This week's best free PC games
It's that time of the week again, folks: the time when we all wave goodbye to work for a couple of days, and settle down to play some games. But what if you haven't bought any games recently? What if you'd rather spend your hard-earned cash on getting drunk tonight, instead of shelling out several notes on one of the hottest new releases? Never fear, for PC Gamer's here, with this week's selection of freebies we've found scattered around the internet.
1899 Steam & Spirit
By Moloc Lab. Play it on the website.
1899 Steam & Spirit needs your help. And so do I.
It already has a nice, surreal vibe to it, but the developers are hoping to keep on churning out future episodes. To do that, they need some help funding their endeavours, so they've set up an IndieGoGo donations page to allow them to keep making the game but never need to charge for it.
Here's where I need your help, though: I'm stuck in the first bloody room. I've been stuck in this room for about 20 minutes, I'm pretty sure I've clicked on, combined and generally used everything I can, but my door key is still stuck down the sink. Am I just an idiot? Can you get further? Leave a comment if you'd like to laugh at me.
By Preloaded/[adult swim]. Play it on the [as] website.
zOMT is a nice sorta-tower-defence game that's been added to the increasingly populated list of decent games on [adult swim]'s website. In it, you generate mana by getting little men to worship at your totem pole, and spend said mana on new defensive units, as well as a variety of special abilities and power-ups.
While it is at heart a basic game, plenty of smart additions make zOMT feel more exhaustive than it actually is, your range of defensive options surprisingly creative at their best. At only 15 levels long, zOMT might seem a bit insubstantial, but there's actually a great deal of challenge to the proceedings - and its pleasant, original art style means it's always a joy to look at, as well as to play.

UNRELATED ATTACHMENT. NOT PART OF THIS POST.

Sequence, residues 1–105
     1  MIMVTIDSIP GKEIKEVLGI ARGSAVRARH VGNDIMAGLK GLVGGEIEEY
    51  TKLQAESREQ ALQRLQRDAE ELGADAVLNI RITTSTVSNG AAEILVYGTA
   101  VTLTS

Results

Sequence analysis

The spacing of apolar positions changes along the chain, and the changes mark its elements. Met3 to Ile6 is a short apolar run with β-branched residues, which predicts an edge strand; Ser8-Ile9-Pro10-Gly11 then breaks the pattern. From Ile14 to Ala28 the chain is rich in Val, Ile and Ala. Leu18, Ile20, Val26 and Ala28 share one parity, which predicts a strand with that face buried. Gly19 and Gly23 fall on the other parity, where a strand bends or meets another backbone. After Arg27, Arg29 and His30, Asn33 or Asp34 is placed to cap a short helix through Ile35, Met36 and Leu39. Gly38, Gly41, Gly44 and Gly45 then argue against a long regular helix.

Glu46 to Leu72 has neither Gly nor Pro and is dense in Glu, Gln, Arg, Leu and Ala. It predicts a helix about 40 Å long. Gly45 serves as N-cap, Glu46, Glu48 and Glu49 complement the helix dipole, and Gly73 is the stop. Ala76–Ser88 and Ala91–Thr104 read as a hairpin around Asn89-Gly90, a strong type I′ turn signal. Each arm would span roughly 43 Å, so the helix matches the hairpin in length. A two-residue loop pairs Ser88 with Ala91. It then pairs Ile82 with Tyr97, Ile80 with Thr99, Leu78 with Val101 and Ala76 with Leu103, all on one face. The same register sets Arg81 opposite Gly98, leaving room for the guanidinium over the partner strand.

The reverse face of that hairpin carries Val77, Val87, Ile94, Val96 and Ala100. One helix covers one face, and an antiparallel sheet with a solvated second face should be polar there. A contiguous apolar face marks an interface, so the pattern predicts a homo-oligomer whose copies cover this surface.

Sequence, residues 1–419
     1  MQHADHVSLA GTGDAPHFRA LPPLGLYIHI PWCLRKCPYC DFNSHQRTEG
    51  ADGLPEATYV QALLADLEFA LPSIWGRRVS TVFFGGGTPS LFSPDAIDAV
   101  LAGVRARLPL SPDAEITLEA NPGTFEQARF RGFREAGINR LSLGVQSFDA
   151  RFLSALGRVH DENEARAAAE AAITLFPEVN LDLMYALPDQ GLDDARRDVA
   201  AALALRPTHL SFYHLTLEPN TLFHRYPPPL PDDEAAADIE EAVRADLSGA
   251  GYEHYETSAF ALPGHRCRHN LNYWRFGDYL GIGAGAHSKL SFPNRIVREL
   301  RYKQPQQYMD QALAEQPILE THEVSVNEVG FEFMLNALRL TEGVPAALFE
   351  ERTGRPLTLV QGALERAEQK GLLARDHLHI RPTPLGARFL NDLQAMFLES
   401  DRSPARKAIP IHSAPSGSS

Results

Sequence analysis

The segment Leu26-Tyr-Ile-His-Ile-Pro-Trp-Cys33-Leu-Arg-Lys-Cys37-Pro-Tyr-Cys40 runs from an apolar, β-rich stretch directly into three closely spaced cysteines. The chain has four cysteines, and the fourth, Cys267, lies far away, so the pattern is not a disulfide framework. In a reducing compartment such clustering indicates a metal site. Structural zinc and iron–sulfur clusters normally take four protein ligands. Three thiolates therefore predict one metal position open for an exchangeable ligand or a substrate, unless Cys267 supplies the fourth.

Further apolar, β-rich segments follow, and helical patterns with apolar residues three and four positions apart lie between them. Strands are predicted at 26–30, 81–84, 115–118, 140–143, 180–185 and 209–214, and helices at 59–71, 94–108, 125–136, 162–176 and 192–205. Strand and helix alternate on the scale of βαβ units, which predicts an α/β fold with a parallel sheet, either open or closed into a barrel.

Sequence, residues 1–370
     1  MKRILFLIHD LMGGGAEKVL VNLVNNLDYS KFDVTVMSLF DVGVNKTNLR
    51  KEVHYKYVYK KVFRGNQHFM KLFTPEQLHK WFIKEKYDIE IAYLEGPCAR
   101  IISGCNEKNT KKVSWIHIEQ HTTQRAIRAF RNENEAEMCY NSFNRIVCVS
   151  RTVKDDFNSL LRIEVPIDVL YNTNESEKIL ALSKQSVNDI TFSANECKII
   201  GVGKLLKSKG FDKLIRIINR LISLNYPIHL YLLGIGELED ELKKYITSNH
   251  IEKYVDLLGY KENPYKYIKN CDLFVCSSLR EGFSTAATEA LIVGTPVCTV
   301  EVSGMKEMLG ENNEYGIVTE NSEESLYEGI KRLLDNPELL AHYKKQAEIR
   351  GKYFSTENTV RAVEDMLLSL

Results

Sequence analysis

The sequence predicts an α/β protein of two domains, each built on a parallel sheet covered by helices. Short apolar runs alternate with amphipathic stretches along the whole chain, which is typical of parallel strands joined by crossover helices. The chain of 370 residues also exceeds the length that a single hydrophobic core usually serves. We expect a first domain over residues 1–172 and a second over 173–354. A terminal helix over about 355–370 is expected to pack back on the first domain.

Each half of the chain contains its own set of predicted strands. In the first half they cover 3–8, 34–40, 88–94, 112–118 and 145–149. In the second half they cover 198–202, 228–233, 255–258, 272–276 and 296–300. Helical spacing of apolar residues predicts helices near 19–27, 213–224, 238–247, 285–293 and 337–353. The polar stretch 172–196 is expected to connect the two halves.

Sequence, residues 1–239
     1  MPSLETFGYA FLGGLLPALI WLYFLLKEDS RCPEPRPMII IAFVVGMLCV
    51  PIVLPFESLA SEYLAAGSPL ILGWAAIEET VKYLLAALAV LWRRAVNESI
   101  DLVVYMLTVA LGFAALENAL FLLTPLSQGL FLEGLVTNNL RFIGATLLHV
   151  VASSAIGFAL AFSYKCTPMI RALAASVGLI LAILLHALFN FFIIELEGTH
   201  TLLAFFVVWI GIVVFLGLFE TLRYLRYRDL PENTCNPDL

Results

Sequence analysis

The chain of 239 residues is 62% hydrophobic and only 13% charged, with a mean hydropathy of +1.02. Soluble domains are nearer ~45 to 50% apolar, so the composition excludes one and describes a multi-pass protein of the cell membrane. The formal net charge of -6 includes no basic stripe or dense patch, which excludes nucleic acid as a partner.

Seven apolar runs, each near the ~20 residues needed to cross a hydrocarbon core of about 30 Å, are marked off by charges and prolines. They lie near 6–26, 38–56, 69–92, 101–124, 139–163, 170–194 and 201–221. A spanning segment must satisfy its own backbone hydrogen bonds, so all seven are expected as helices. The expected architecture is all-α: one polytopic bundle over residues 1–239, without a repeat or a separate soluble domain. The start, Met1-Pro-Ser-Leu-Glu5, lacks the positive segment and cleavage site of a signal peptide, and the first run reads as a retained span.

Retirement Home Roundup
By Team #IT. Download it from IndieDB.
This is an extremely silly game. You play as a worker at the local retirement home, and it's your job to make sure its elderly residents all get on the bus for their day trip - and then back on again when they need to return home.
To do so, you've to shove them, push their wheelchairs, and just generally be a bit of a bully until they comply with your wishes. If they're being especially stubborn, you've got a gun which fires tapioca pudding - a dessert sure to get the residents running towards the point of impact as if they were as fit as a 14-year-old.
There are obstacles, too, such as puddles the residents can slip on and, worryingly, electrical items that can full-on electrocute them. It sounds crude and stupid, and it often is, but there's also a knowing sense of humour that runs through the whole game. It's low-budget, basic and ridiculous, but it knows it. That's kind of the point.
By RocketHawk Games. Download it from IndieDB.
Fender Bender is every deathmatch game you've ever played - except this time, you're shooting your opponents with vehicle-mounted weapons as you drive around one of two carefully crafted arenas.
The game's a little light on content - there are only six cars at present, and only three game modes, as well as the disappointing duo of maps. But while Fender Bender could to to be made more substantial in the future, it's already a whole load of fun.
The game plays out an an agreeably mad pace, and there are plenty of glorious 'splodes to be seen. It's all delightful macho nonsense, with over-the-top voice work and more flying shrapnel than you can shake a stick at. The music powers on through while the engines rev. It's always a lot of fun.
There's also Xbox 360 controller support, and up to four players can gather around the same machine, playing in split-screen mode. Fender Bender's hardly the greatest deathmatch shooter you'll ever play, but it gets enough right that it's a healthy dose of fun in small doses.